Under the bridge are petty traders and those who use it as parking lot, including tricycle operators who have converted a section to a garage.
Airport Link Flyover
Mechanics and those engaging in block moulding as well as selling of sand and concrete stone are the major occupants under this bridge.
This is occupied by mechanics, urchins and block moulding operators. There is also a section under the bridge that has been converted to parking lot by operators of the buses deployed for the First Mile transport project of the state government.
Traders and commercial bus drivers operate under the bridge. A section is also occupied by touts.
However, it seems those who are to be evicted are not going to leave without a fight going by what happened during the week. This is because dozens of traders from Apongbon market, operating under the Eko Bridge protested to the Lagos State House of Assembly, appealing to the Federal and Lagos State governments to shelve plans of displacing and demolishing their shops.
The traders said that displacing them from their new site would further put them in a difficult condition after goods worth millions of naira were destroyed during the fire disaster that gutted over 500 shops sited under the bridge.
They lamented that any decision to displace them from their new location at the bridge loop, could further cut their source of income and put them in additional debt, which they may not be able offset easily.
The traders, who assembled for the peaceful protest, said that after the fire incident at the market, it has been difficult for them to continue their trade effectively as they do not have any other alternative place than their present location.
They lamented that after they had evacuated the market, they had to move to a loop nearby to continue their business in order to cater for their family but were also driven away by some law enforcement personnel.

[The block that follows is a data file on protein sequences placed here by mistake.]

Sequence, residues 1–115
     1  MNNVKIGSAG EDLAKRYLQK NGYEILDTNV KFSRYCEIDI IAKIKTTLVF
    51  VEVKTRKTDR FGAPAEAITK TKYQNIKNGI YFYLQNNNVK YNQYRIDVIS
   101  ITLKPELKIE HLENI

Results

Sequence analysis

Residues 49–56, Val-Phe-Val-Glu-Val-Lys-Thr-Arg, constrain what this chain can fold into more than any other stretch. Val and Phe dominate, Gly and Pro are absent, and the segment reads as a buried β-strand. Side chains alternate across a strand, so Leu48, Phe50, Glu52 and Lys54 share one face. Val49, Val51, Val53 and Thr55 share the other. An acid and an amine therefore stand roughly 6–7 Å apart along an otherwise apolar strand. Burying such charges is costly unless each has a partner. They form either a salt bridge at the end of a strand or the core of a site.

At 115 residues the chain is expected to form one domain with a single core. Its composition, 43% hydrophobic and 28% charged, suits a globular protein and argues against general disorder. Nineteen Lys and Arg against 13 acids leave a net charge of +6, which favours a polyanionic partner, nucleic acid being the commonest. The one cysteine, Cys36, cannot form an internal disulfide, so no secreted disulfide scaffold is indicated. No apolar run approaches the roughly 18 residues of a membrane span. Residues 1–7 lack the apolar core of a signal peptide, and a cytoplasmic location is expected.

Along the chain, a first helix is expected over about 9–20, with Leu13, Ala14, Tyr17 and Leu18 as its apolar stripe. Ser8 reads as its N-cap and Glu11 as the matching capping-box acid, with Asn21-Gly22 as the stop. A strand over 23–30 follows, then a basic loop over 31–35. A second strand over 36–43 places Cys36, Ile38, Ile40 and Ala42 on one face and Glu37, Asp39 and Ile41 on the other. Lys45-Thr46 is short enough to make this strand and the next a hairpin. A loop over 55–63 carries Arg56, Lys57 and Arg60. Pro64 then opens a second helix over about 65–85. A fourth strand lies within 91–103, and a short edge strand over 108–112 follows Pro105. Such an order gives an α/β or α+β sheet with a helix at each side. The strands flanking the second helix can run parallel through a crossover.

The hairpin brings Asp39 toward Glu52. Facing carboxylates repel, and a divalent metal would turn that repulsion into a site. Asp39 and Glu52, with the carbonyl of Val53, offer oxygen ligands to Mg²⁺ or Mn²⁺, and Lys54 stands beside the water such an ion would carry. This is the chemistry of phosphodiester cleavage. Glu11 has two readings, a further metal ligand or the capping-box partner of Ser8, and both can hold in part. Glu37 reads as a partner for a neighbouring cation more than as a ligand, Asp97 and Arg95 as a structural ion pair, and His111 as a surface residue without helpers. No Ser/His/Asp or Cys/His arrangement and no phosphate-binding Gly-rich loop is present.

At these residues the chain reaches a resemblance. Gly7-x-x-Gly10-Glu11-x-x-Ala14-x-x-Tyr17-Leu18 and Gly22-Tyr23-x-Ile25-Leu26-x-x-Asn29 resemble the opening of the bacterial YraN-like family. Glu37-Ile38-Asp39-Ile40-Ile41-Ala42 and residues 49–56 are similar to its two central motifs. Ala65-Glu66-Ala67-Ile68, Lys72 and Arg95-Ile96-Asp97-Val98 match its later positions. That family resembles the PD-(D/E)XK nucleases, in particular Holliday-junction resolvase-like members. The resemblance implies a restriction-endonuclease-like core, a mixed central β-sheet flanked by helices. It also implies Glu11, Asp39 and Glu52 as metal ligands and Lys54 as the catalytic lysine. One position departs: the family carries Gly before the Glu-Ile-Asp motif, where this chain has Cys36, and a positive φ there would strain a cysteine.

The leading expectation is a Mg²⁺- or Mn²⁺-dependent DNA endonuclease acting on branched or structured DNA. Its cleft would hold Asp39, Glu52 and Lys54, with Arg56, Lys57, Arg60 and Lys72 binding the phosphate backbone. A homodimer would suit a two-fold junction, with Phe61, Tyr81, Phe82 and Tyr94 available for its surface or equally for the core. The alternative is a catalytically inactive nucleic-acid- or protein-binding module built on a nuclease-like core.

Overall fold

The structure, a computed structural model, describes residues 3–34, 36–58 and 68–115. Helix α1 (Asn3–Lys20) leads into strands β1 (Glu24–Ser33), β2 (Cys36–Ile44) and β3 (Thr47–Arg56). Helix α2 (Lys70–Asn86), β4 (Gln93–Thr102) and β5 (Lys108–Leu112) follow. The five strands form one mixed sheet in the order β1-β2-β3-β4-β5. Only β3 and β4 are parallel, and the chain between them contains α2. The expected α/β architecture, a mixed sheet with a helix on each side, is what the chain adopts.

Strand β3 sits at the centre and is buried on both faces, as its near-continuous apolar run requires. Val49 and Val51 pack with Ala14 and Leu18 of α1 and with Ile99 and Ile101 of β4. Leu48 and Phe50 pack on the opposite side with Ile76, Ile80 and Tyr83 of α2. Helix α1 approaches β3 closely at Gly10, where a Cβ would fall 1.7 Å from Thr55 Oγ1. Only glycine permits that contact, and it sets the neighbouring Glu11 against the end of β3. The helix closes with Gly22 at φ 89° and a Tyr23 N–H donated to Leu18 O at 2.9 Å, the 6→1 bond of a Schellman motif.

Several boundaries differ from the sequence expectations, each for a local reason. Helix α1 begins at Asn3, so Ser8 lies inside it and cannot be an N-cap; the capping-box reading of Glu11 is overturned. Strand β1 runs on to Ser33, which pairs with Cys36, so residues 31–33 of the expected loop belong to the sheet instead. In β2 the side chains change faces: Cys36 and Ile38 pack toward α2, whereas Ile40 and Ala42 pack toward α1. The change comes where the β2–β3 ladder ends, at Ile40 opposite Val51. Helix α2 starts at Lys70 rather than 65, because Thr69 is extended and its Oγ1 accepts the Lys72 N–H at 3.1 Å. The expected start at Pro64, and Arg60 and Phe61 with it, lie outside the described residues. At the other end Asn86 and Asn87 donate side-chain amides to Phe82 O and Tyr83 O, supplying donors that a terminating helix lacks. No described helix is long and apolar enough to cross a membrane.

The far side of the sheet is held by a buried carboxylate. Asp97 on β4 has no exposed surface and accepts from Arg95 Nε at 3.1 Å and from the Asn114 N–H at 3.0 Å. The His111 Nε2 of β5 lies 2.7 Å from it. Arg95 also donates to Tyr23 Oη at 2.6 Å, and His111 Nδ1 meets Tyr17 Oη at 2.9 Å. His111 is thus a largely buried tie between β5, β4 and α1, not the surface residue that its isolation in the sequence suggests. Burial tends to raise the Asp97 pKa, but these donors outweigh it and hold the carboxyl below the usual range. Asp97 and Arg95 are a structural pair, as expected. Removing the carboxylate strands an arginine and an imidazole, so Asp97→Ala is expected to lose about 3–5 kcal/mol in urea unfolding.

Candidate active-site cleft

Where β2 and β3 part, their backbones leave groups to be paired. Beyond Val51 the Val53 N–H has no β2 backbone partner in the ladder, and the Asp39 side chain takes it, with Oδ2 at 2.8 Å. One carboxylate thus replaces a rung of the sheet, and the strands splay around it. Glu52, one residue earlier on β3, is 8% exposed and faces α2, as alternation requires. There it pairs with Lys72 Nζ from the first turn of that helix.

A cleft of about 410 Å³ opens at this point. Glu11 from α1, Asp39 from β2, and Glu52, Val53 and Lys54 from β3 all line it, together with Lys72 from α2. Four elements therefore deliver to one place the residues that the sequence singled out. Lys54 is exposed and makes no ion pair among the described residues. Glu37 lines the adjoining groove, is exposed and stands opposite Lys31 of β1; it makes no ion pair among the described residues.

Appealing to the Lagos State Governor, Babajide Sanwo-Olu, they requested that they should be allowed to remain in their new location, continue trading and source funds for their daily needs.
The traders appealed to both governments particularly the Minister of Works and Housing, Babatunde Fashola, that they should be allowed to continue their businesses without any hitches.
During the protest, one of the protesters, Iyabo Deborah, said that the Iyaloja General, Folashade Tinubu-Ojo, gave her approval for their protest. According to her, the law and enforcement personnel who chased them from under the bridge, where they were managing, had threatened to return next week Monday to evacuate them from where they are.
A resident, Adisa Bakare, said there is no reason government should allow some of the activities going on under bridges across the state. He doubted if government would carry out its order, especially as this is a political season
“And it just shows how things have degenerated with governance. This is not the first time that illegal occupants of under bridges in Lagos would be evicted but after some months or at most a year, they will gradually return with nobody calling them to other.
“When there is any accident or disaster, we lament about the damages done and how it is negatively affecting government. Is it not even funny that government gave directives that have been disobeyed. Why were the directives not implemented? This all shows how unserious our government is. This repeated order may not be fully carried out. They will go and show off for just one week and things will go on in those places until another disaster happens.”
According to Bakare, the state government has directed mini buses not to be operating and driving on the BRT lane between Mile 2 and Orile, but this has continued despite officers of the Rapid Response Squad (RRS) being fully stationed on the corridor.
“We do not have a serious government in place. Laws are disobeyed and there are no consequences while those sent to stop illegal operations aid the residents in perpetrating the acts.”
Mrs Monsurat Adebisi is one of the traders operating under the Eko Bridge at Ijora-Olopa section of the flyover. She pleaded with government to come to the aid of the traders by providing an alternative place for them to carry out their daily trade. She also pleaded for more time.
According to her, many of them are petty traders whose capital is not enough to rent a shop, which is why they stay under bridges. She maintained that if the operators under the bridges are evicted, not less than a thousand breadwinners would be affected and their dependents.
Another resident, Joy Bassey, said government needs to be decisive in putting an end to the crisis, noting that it is not the first time that illegal occupants would be asked to leave but what often happens is that the order is either not obeyed or partially implemented by law enforcement agents.
The Federal Controller of Works in Lagos, Engineer Olukayode Popoola, has promised that the new order by the minister would be implemented when the 30-day ultimatum elapses. On why the earlier 7-day ultimatum issued in March was not implemented, he claimed it was because the state taskforce to be engaged to enforce the order were busy and had other assignments to attend to.
Source: The Guardian